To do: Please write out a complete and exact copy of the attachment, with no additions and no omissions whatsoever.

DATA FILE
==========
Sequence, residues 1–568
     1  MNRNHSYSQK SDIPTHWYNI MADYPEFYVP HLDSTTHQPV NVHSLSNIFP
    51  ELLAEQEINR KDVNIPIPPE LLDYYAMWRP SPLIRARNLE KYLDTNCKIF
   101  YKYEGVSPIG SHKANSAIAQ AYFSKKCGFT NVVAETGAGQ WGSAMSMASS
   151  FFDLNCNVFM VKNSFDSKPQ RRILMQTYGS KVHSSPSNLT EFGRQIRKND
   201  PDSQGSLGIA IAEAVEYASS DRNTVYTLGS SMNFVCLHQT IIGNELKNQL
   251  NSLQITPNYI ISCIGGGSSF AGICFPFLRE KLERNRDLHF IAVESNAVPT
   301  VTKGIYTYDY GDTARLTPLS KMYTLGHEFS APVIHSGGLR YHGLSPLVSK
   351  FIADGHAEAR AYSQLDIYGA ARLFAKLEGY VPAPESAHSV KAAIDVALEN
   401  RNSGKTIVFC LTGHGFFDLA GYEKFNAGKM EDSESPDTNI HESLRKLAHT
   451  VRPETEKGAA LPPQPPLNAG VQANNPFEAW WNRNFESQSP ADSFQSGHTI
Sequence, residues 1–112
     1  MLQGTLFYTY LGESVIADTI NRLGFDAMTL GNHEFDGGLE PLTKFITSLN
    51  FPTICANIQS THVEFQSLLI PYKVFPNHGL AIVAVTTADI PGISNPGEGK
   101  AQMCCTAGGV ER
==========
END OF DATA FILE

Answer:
Sequence, residues 1–568
     1  MNRNHSYSQK SDIPTHWYNI MADYPEFYVP HLDSTTHQPV NVHSLSNIFP
    51  ELLAEQEINR KDVNIPIPPE LLDYYAMWRP SPLIRARNLE KYLDTNCKIF
   101  YKYEGVSPIG SHKANSAIAQ AYFSKKCGFT NVVAETGAGQ WGSAMSMASS
   151  FFDLNCNVFM VKNSFDSKPQ RRILMQTYGS KVHSSPSNLT EFGRQIRKND
   201  PDSQGSLGIA IAEAVEYASS DRNTVYTLGS SMNFVCLHQT IIGNELKNQL
   251  NSLQITPNYI ISCIGGGSSF AGICFPFLRE KLERNRDLHF IAVESNAVPT
   301  VTKGIYTYDY GDTARLTPLS KMYTLGHEFS APVIHSGGLR YHGLSPLVSK
   351  FIADGHAEAR AYSQLDIYGA ARLFAKLEGY VPAPESAHSV KAAIDVALEN
   401  RNSGKTIVFC LTGHGFFDLA GYEKFNAGKM EDSESPDTNI HESLRKLAHT
   451  VRPETEKGAA LPPQPPLNAG VQANNPFEAW WNRNFESQSP ADSFQSGHTI
Sequence, residues 1–112
     1  MLQGTLFYTY LGESVIADTI NRLGFDAMTL GNHEFDGGLE PLTKFITSLN
    51  FPTICANIQS THVEFQSLLI PYKVFPNHGL AIVAVTTADI PGISNPGEGK
   101  AQMCCTAGGV ER